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Injuries and illnesses of football players during the 2010 FIFA World Cup
  1. Jiri Dvorak1,2,
  2. Astrid Junge2,
  3. Wayne Derman3,
  4. Martin Schwellnus3
  1. 1Fédération Internationale de Football Association (FIFA), Zurich, Switzerland
  2. 2FIFA Medical Assessment and Research Centre (F-MARC) and Schulthess Clinic, Zurich, Switzerland
  3. 3UCT/MRC Research Unit for Exercise Science and Sports Medicine, Department of Human Biology, University of Cape Town, Cape Town, South Africa
  1. Correspondence to Dr Astrid Junge, F-MARC, Schulthess Klinik, Lengghalde 2, CH-8008 Zurich, Switzerland; Medical{at}FIFA.org

Abstract

Background The incidence and characteristics of football injuries during matches in top-level international tournaments are well documented, but training injuries and illnesses during this period have rarely been studied.

Aim To analyse the incidence and characteristics of injuries and illnesses incurred during the 2010 Fédération Internationale de Football Association (FIFA) World Cup.

Methods The chief physicians of the 32 finalist teams reported daily all newly incurred injuries and illnesses of their players on a standardised medical report form.

Results Out of 229 injuries reported, 82 match and 58 training injuries were expected to result in time loss, equivalent to an incidence of 40.1 match and 4.4 training injuries per 1000 h. Contact with another player was the most frequent cause of match (65%) and of training (40%) injuries. The most frequent diagnoses were thigh strain and ankle sprain. 99 illnesses of 89 (12%) players were reported. Illnesses were mainly infections of the respiratory or the digestive system. Most illnesses did not result in absence from training or match. The incidence of time-loss illnesses was 3.0 per 1000 player days.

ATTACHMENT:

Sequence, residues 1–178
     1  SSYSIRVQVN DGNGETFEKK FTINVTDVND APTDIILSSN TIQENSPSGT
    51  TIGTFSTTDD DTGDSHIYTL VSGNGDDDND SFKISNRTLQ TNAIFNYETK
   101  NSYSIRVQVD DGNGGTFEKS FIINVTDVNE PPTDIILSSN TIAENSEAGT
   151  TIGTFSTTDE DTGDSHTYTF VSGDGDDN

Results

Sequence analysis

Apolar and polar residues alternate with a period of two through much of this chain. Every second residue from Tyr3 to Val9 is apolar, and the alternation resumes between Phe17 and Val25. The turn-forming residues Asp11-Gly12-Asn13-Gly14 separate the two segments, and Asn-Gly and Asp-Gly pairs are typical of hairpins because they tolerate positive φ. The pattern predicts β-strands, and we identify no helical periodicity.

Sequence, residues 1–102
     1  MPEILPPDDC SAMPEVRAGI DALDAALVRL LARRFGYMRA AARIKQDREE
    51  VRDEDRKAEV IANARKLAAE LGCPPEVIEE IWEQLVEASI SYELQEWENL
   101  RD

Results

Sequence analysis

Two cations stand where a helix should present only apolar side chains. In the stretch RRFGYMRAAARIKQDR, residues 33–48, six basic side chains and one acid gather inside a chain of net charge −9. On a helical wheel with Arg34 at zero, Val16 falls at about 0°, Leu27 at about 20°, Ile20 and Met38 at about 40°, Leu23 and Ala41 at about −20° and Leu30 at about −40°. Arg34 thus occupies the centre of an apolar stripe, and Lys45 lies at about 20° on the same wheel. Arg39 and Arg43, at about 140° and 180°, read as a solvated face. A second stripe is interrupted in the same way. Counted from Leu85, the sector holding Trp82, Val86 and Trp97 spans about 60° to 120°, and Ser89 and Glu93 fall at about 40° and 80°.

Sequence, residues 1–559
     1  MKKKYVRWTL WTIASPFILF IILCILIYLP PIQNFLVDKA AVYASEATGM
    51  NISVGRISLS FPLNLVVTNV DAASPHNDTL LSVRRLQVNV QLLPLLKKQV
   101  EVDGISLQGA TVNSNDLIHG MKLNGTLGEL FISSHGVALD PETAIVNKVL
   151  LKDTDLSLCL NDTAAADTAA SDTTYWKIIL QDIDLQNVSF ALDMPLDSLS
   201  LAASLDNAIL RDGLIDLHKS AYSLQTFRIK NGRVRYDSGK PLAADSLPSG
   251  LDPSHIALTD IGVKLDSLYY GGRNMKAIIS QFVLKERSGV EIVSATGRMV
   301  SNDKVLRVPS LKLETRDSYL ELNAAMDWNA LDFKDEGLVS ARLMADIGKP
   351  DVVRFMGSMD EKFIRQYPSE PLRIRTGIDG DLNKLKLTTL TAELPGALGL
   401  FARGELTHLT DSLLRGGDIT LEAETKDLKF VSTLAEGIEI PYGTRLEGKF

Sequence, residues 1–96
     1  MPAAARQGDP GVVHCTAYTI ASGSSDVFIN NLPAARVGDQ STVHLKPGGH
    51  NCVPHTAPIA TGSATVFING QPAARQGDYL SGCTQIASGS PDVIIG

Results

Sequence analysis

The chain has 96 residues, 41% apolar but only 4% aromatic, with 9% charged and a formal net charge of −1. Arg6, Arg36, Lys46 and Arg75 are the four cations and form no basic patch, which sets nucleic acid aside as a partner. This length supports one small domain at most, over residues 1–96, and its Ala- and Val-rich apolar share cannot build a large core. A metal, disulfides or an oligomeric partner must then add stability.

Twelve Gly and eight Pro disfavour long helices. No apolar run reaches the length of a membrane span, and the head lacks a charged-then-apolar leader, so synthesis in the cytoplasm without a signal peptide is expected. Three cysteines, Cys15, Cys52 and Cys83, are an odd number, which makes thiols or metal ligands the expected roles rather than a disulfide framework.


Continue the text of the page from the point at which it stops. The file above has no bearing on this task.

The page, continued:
Conclusion The incidence of match injuries during the 2010 FIFA World Cup was significantly lower than in the three proceeding World Cups. This might be a result of more regard to injury prevention, less foul play and stricter refereeing. Tackling skills and fair play need to be improved to prevent contact injuries in training and matches. Prevention of illness should focus on reducing the risk of infections by considering the common modes of transmission and environmental conditions.

This paper is freely available online under the BMJ Journals unlocked scheme, see http://bjsm.bmj.com/info/unlocked.dtl

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Footnotes

  • Funding This study was funded by Fédération Internationale de Football Association (FIFA), Zurich, Switzerland.

  • Competing interests None.

  • Ethics approval This study was conducted with the approval of the Research Ethics Committee of the Faculty of Health Sciences, University of Cape Town (ref. no. REC 159/2009).

  • Provenance and peer review Not commissioned; externally peer reviewed.

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